This article was first broadcast in Episode Sixteen on 21st March 2018.
Raerae: So were you guys debating dragons this week?
Raerae: Why not?
Ryu: Because there isn’t a debate.
Ostron: No, the point is that we’re asking if you should add dragons to a campaign or not.
Ryu: I don’t understand the question.
Ostron: I’m not sure how to rewrite that
Ryu: Look, here, guys, why don’t we just read over this paper I wrote up on dragons instead, huh?
Dragons are probably the most iconic creatures in the entire D&D mythos. I mean, they’re the second “D” in the name; it’s hard to argue they aren’t significant. That said, there’s sometimes confusion about how exactly they fit into the stories.
Part of this confusion stems from dragons being part of so many different mythologies through millennia. We aren’t going to go into all the details of dragon lore in this segment, though I do see Ryu waving a lot of paper suggesting she’s got that covered too. Instead, we’re going to touch on a few key points that help determine how to add a dragon (or dragons) to a campaign.
First, we’ll take the most common modern misconception. D&D dragons are NOT Game of Thrones dragons. The dragons in game of thrones are closer to D&D wyverns. If you need a flying monster that breathes fire and generally terrorizes a countryside at random, or a beast that could be trained by NPCs to incinerate on command, you want a wyvern or possibly a drake of some variant.
The biggest thing to remember is that D&D Dragons are sapient creatures; they can reason, talk, scheme, plan, and have motivations that go way beyond “am hungry, eat anything that moves.” If, for whatever reason, you absolutely must have a mostly mindless dragon who just attacks people at will, your best bet is to either use a young dragon (I mean, teenagers basically eat anything that moves and can be pretty selfish, so that fits) or use a white dragon; they’re often portrayed as brutes who don’t give a lot of thought into who or what they’re attacking or eating. Other dragons are going to behave more like intelligent foes who may threaten, negotiate, or outsmart foes rather than just attacking them, and they won’t necessarily fight to the death just because they were attacked. If they’re outmatched, they may not even fight at all.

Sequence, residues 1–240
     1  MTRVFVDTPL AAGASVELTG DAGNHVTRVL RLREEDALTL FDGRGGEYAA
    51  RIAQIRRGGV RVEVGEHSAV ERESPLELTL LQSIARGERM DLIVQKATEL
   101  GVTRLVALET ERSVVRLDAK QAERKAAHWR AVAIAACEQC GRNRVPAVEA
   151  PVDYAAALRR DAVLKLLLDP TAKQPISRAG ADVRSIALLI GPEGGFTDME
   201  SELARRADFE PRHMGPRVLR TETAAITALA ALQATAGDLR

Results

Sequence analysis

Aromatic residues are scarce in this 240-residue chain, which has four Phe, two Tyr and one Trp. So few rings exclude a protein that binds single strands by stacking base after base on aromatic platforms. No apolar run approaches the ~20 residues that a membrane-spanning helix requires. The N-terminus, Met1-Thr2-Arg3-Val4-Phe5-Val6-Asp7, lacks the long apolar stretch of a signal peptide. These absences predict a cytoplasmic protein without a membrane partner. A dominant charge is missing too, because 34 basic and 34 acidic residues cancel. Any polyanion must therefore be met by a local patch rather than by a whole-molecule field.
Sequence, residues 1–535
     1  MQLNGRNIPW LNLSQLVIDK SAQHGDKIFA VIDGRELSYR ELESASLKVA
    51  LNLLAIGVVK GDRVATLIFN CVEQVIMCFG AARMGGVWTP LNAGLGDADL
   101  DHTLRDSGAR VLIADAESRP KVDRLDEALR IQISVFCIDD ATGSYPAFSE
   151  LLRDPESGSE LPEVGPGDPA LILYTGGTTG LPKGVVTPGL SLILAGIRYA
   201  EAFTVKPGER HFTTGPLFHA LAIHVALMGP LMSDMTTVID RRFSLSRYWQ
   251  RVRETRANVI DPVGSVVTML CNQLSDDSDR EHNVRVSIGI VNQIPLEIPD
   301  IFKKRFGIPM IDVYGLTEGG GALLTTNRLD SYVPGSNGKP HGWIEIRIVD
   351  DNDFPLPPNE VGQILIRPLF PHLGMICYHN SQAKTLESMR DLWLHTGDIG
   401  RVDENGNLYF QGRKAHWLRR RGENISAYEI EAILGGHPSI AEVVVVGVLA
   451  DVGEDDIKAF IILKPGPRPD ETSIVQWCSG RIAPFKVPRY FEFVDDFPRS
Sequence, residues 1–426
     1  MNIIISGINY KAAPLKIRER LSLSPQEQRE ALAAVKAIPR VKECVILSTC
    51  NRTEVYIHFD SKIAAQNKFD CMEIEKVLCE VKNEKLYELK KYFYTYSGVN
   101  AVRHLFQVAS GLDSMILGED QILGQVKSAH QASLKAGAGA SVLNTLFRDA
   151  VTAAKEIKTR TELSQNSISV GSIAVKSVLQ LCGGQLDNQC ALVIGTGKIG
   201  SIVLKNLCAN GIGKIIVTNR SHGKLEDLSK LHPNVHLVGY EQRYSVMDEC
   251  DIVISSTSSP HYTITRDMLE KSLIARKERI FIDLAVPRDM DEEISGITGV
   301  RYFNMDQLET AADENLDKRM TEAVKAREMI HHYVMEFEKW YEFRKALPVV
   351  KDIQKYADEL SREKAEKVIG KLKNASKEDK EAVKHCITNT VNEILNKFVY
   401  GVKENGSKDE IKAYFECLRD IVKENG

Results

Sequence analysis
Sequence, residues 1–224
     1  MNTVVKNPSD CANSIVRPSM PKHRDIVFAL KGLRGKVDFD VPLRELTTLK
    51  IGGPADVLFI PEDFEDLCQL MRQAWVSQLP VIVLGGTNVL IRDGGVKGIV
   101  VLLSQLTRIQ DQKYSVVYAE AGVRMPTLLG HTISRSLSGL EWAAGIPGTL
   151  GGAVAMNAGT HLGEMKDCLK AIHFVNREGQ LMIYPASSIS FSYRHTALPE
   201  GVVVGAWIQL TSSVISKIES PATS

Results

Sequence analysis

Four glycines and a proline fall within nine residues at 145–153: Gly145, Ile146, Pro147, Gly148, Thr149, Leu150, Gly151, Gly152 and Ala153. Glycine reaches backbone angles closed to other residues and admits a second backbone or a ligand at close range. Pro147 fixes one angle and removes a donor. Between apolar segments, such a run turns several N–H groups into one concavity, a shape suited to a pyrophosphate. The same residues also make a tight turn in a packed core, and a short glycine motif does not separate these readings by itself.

Beyond that, Dragons in D&D are designed to be the end bosses of campaigns. Many campaign storylines focus on the idea of players spending time unraveling a political plot or facing off against an evil warlord or king only to defeat them and find out that they were getting all their influence and direction from a dragon that was sitting behind the throne (sometimes literally, if it was a mountain castle). And even if it’s immediately obvious a dragon is the problem that needs to be solved, most D&D dragon lore goes into detail about groups of creatures dragons will recruit or that will volunteer themselves to be guardians and allies of the Lizard in Chief. Before anyone gets to the dragon itself, they have to make their way past the welcoming committee. Who that welcoming committee is can vary a lot as well. Almost any dragon can have kobolds around supporting it (sometimes regardless of whether the dragon wants that to happen) but some of the chromatic dragons can acquire groups of giants working for them, and many of the metallics cultivate relationships with local communities and settlements who will come to the dragon’s aid.